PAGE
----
In the summer of 1796 Edward Jenner worked a small quantity of pus extracted from the sores of a cowpox-infected dairymaid into a pair of incisions on the arm of James Phipps, aged eight. As Jenner tells it in his 1798 treatise, An Inquiry into the Causes and Effects of the Variolae Vaccinae, this crude injection soon ran its course: on the seventh day the boy suffered a slight headache and a loss of appetite but on the following day was in good health. More surprising was that the boy was found to be immune to smallpox after the procedure: two months later, when Jenner introduced the far deadlier variola virus under the boy’s skin, “no sensible effect was produced.” The local inflammation and fevered delirium that normally followed inoculation were absent, a sign of Phipps’s enduring immunity.
Jenner wasn’t aware of the pathogenic cause of the new inoculant’s success — the cowpox (variola vaccinia) and smallpox (variola major) viruses are genetic kin, distinct but similar enough to ensure that exposure to the former induces immunity to the latter — but he was familiar with its effect: “Morbid matter of various kinds, when absorbed into the system, may produce effects in some degree similar,” he wrote,“but what renders the Cow-pox virus so extremely singular, is, that the person who has been thus affected is for ever after secure from the infection of the Small Pox […].”
True to its name, Jenner’s Inquiry forms a catalogue of notes that sets out Jenner’s findings in sequentially numbered cases. “In support of so extraordinary a fact,” Jenner explains in the work’s preface, after laying out his hypothesis, “I shall lay before my Reader a great number of instances.” Of course, Jenner’s “instances” are human beings, and the Inquiry is populated by a faceless cross section of Jenner’s rural society, from an aging under gardener to a “respectable Gentlewoman” identified only as Mrs. H——, disguised by an elongated dash in deference to her station.
Insofar as the Inquiry’s experiments emerged organically from Jenner’s provincial setting, he owed much to the homespun learning of his neighbors. As Eula Biss remarks in her 2014 book On Immunity, Jenner’s coinage of a new Latinate disease (varoliae vaccinae, literally ‘smallpox of the cow’) belies the humble origins of vaccination: “Its roots are in folk medicine,” she writes, “and its first practitioners were farmers.” This folk knowledge is still with us, distilled into aphorism: Something is said to be “as smooth as a milk maid’s skin.” More than mere hyperbole, this phrase encodes centuries of unlettered medical learning and observation. When the early modern world suffered under smallpox and its 30% mortality rate, the dairymaid was held to be a preternatural creature unmarred by the virus’s disfiguring traces. What Jenner’s Inquiry showed is that the fabled immunity (if not the complexion) of milkmaids could be artificially imparted.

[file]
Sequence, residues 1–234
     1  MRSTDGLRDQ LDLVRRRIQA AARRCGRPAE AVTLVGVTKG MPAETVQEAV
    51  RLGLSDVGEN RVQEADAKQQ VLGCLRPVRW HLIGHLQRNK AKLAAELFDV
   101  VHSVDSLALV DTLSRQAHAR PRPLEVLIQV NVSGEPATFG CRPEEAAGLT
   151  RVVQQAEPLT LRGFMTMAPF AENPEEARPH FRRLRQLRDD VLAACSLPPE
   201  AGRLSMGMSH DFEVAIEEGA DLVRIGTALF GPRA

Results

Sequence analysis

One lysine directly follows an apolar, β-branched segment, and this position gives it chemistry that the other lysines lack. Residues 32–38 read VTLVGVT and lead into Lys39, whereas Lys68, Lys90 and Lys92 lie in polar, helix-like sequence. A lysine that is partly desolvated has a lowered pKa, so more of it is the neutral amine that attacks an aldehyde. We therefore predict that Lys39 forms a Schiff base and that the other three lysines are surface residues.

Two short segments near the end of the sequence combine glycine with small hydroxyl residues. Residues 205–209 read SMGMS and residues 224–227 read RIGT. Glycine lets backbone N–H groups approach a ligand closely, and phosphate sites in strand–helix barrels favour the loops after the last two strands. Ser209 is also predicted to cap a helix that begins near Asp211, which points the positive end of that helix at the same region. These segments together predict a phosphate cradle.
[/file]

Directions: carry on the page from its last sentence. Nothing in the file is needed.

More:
Many of Jenner’s case notes are paired with disquietingly beautiful illustrations that depict pox sores and pustules in various states of suppuration. One such image shows the lithe hand of Sarah Nelmes, a milkmaid who had contracted cowpox through a small scratch on her right hand while tending her bovine charges. Jenner’s written observations on Nelmes’s hand couch anatomy in the winsome language of fairy tale, hinting at a poetics of vaccination: “She received the infection on a part of the hand which had been previously in a slight degree injured by a scratch from a thorn.” From a cow’s infected dug through an accidental cut on an unprotected finger, Jenner traces the disease’s progress through brambles, fields, and barnyards. To speak of herd immunity, then, is to use a dead metaphor with roots in 18th-century pastoral. Vaccination (vacca, Latin for ‘cow’) and the almost magical prophylaxis it accords originated in, strange to say, a herd of cattle.
Bucolic imagery imbues the lexicon of western medicine,and Jenner’s cow-cure is no exception. The phrase “herd immunity” itself, though of a later date than Jenner’s vaccine, also relies on agrarian metaphors: Herd immunity works by a kind of collective insulation, where the weaker few are protected by the vaccinated or antibody-bearing many — much like, for instance, a herd of ruminants shielding its youngest and weakest from predators and privation. But if vaccine is the product of the pastoral, inoculation stems from the georgic, borrowed from the routine labors of arborists in orchards. “To inoculate” means to graft, an image that recalls both the insertion of foreign matter into an unwilling (or at least indifferent) host and the botanical suture and symbiosis that follow. Not by chance, perhaps, Jenner ran a vaccination clinic from a thatch-roof folly built among the plantings and paths of his suburban garden in Berkeley, Gloucestershire. He named this structure the Temple of Vaccinia and offered from its single room his new vaccine pro bono to the poor of the district. Vaccination has its own strange mythos, then, with Jenner as a kind of benevolent Lancer of the Glen.